The next day I had the opportunity to explore the city itself a bit. By making use of public transit, my portable phone charger, and a sense of wonder usually reserved for kids in candy stores I managed to see a fair amount considering I only had the one day. Berlin is an amazing city where, if I can quote Anthony Bourdain, old memories and new ideas live side by side every day. I saw this concept expressed many times in the food, art, people, and scenery during my brief time there. I may have been looking for it at the time, but it only helped me appreciate and savior what might have otherwise seemed mundane.When the competition wrapped up it was an amazing finish. The 2013 CIGS champion Victor Delpierre of France performed on stage for the audience and demoed 4 different inspiring and creative cocktails. He invited several people from the audience to taste the first 3 and the last drink he made was punch large enough for many to sample. Finally, when the results were announced, Dan Fellows of the UK won the World Coffee in Good Spirits championship for the second year in a row. This is incredibly rare and has only happened a handful of times in the almost 20-year history of the coffee competitions and a first for the CIGS championship. His presentation explored a new processing method he called the Frozen Natural method where coffee cherries were frozen for 7 days and then dried on raised beds for another 17 days. His cocktails used this coffee along with other natural ingredients that were affected by freezing temperatures, such as blood oranges and ice wine. Sadly, I could only imagine how everything must have tasted, but it was impossible not to feel inspired and motivated after watching his and all the other champions perform on stage.
(above) East Side Gallery, the longest expanse of the Berlin Wall still standing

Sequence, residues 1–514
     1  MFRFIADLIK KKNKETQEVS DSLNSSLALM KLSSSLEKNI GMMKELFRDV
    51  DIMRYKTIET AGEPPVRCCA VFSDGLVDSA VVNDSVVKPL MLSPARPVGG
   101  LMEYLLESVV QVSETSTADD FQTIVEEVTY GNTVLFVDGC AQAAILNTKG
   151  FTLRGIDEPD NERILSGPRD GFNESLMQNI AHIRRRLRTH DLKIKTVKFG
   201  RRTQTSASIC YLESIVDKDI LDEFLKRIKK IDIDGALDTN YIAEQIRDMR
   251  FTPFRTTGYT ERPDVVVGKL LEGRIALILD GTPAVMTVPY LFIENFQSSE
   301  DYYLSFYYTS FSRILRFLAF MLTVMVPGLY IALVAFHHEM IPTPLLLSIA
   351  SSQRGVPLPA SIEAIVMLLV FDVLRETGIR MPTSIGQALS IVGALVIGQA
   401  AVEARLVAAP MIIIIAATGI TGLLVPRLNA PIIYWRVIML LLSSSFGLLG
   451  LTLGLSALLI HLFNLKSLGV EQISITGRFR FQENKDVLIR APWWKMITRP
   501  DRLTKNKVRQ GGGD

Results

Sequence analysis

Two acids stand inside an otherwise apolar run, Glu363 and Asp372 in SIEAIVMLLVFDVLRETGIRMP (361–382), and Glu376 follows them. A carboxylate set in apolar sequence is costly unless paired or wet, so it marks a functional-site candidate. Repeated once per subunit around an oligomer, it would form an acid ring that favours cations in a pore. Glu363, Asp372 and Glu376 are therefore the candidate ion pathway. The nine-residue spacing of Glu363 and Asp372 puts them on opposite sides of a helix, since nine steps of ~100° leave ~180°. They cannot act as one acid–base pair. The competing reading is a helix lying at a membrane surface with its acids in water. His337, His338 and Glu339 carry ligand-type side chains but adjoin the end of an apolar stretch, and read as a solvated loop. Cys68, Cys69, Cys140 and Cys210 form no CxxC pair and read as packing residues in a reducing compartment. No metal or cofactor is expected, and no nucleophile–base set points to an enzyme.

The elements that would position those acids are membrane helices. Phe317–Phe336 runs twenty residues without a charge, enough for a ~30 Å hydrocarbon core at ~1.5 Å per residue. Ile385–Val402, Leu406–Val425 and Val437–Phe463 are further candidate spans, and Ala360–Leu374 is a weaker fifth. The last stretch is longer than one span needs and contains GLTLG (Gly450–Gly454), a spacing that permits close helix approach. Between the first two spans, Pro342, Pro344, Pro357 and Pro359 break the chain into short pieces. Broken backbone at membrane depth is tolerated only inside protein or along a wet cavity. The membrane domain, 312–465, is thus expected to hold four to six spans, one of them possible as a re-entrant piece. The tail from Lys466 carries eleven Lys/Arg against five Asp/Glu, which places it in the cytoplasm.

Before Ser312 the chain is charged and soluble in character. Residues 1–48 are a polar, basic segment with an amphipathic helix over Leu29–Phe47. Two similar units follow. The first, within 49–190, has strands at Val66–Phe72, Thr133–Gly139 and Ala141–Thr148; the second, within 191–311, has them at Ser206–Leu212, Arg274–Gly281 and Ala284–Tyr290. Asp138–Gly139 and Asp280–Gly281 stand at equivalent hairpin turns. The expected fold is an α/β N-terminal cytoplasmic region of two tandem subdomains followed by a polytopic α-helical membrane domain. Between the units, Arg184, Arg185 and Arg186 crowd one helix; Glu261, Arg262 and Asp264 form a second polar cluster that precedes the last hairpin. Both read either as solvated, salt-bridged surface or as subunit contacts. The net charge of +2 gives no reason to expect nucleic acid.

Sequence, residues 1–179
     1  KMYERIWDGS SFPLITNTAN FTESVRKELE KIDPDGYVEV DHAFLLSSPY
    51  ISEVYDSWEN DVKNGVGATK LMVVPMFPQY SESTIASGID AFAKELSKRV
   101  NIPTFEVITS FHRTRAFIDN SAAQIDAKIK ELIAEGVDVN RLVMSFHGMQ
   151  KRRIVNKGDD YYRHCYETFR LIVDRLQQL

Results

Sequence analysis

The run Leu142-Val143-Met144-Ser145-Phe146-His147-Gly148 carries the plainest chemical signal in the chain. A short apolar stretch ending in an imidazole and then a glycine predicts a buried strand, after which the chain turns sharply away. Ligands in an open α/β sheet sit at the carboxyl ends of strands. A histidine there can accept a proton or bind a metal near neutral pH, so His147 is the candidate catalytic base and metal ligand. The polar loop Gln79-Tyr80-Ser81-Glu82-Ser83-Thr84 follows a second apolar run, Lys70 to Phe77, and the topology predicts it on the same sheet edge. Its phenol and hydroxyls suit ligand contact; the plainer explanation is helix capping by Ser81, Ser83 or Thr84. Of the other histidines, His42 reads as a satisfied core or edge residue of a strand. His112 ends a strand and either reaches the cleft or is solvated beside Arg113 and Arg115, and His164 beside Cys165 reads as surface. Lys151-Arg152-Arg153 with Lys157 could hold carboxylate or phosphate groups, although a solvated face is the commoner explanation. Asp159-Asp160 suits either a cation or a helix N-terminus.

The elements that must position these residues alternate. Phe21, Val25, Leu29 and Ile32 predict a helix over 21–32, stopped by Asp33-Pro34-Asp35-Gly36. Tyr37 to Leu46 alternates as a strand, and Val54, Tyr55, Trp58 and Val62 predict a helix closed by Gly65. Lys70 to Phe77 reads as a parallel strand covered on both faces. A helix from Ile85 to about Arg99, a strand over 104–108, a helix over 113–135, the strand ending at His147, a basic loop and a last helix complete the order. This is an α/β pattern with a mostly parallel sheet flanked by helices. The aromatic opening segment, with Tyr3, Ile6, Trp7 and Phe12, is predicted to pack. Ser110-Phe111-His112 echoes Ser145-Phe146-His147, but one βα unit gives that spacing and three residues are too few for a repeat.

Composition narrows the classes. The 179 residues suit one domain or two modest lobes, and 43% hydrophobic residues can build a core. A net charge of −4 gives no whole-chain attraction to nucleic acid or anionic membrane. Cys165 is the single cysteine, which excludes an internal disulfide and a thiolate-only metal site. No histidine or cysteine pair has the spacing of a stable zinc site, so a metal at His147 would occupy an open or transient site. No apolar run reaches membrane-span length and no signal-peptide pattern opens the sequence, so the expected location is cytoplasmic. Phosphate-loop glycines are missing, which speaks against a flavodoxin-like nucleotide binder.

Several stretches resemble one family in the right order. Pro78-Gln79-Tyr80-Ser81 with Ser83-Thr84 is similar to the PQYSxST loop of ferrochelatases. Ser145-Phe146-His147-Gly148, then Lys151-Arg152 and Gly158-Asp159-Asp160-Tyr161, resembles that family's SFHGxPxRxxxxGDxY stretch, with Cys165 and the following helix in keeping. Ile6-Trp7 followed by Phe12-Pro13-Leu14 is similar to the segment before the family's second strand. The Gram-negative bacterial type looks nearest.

(left) Checkpoint Charlie • (center) Victory Column, commemorating the victory in the Prussian-Danish war • (right) Aperol spritz at the Teehaus im Englischen Garten Berlin
I had an early flight the following morning, but decided walking the streets of the city in the late/early hours of the night was better than spending them asleep. So, after a late dinner with Lee I made the 30 minute walk to the amazing cocktail bar Becketts Kopf. This was a small, dimly lit bar with a welcoming atmosphere, warm owner/bartender, amazing drinks, and a clientele that (I kid you not) had no less than 2 older gentlemen who resembled Winston Churchill. Never had the expression “home away from home” rang so soundly in my head. The experience to be had here was one of the main aspects that drew me into the cocktail culture. It’s in these intimate spaces, small hours, and novel conversations with perfect strangers where your ideas can be tested, views broadened, and sense of self redefined. I couldn’t have asked for a better send off and the all-nighter was well worth it.
The US Coffee Championships have been many things to me over the years. They have been an ever-present drive for my professional development and the standard I hold myself against in regards to quality, service, and depth of knowledge. They have been a beacon of newly found pride and a shadow of familiar humility. They have been the last thing I curse at night and the first welcomed thought of the morning. Through it all they have allowed me to visit, become enamored with, and eventually miss incredible new places and people. This trip to Berlin was undoubtably a once in a lifetime trip given everything that went into it, but thanks to the competitions and everyone that make them possible I know other equally amazing opportunities are still out there for me and anyone else willing to work and take a chance.